How can compensation strategies respond to the challenges of a possible downturn?
The impact of the COVID-19 pandemic on the global economy is prompting C-level executives across industries to reduce their base pay – or forgo it entirely – amid the downturn.
In the airline industry, for instance, CEOs are giving up as much as 100% of their salary or holding off on their paycheque for a certain period in order to cut costs, after the demand for air travel began to plummet in February.
One aspect of these executive pay cuts, however, is the way business leaders are choosing to slash their remuneration voluntarily to ease the pressure on their organisation.
But in small to midsize businesses that are also reeling from the effects of the outbreak, do employers have the option to delay or cut their workers’ pay in a bid to survive the economic slowdown?
New Zealand’s Wages Protection Act requires employers to remunerate workers according to the day, frequency and intervals agreed on in their employment contract. Therefore, any delay in payout constitutes a violation.
Employers must also ensure workers receive the full amount of their wages for a specific pay period based on their prior agreement. An employer cannot reduce a worker’s pay without written consent.
But businesses that expect to see a negative financial impact from the coronavirus outbreak will also need to prepare a compensation strategy that responds to the challenges of a market downturn.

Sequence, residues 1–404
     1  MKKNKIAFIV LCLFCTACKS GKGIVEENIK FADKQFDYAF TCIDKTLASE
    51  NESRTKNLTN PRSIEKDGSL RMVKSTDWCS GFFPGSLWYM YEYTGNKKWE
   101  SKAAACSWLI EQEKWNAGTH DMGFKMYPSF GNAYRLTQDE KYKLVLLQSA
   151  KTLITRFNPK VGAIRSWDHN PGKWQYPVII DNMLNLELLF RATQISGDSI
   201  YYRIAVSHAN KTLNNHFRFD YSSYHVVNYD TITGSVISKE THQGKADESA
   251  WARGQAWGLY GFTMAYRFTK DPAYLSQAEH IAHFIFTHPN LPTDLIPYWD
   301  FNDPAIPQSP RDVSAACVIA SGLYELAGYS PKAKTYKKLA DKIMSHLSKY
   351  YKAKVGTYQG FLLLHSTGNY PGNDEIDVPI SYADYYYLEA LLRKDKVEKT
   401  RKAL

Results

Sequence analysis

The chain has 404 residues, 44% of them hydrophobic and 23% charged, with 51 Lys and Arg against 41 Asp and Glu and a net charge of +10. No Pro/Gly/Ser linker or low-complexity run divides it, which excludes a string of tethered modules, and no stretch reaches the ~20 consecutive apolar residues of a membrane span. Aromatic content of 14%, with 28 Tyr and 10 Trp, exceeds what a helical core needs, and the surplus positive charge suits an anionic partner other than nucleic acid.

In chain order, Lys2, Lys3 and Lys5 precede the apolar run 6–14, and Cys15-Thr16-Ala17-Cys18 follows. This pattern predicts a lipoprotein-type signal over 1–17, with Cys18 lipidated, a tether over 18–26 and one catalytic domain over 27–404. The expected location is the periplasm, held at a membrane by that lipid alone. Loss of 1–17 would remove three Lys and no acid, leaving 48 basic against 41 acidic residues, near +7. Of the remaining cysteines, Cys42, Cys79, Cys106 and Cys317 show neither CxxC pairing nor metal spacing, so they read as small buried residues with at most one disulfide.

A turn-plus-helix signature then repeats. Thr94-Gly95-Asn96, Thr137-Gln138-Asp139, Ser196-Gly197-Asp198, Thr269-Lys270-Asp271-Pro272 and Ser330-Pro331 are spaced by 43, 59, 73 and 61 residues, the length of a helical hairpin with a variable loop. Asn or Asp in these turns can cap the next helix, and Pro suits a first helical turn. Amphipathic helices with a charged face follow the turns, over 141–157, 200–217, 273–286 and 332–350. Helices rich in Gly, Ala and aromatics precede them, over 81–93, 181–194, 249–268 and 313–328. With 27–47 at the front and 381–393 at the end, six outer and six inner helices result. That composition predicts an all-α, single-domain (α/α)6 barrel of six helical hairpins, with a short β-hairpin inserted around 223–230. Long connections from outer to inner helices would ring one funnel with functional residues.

Companies that need to change the schedule of their payout and the remuneration package of their employees will need to secure their employees’ consent in writing first, before they can implement such changes.
Pandemics and the ‘force majeure’ clause
As a general rule, employers in New Zealand must compensate those on their payroll who are ready, willing and able to be deployed – even if there is no work to be assigned.
But because of the unique challenges posed by the COVID-19 pandemic, some companies may have the leeway not to pay their employees under certain scenarios.
Employers may be released from their contractual obligations, such as having to pay workers or continue their employment, if their contract contains a ‘force majeure’ clause. That is, when an extrinsic event such as a pandemic “renders the employment agreement impossible to perform,” employment lawyers from Buddle Findlay advise.
Anderson Lloyd Lawyers recommend being open and communicative with employees as businesses navigate their way in these uncertain times.
“If an employer can’t sustain an employee because there is no work, or they are suffering financially from the effects of coronavirus, there is no obligation to maintain that employment,” the law firm notes. “However, an employer’s good faith obligations require a fair process to be carried out and
consultation in good faith.”
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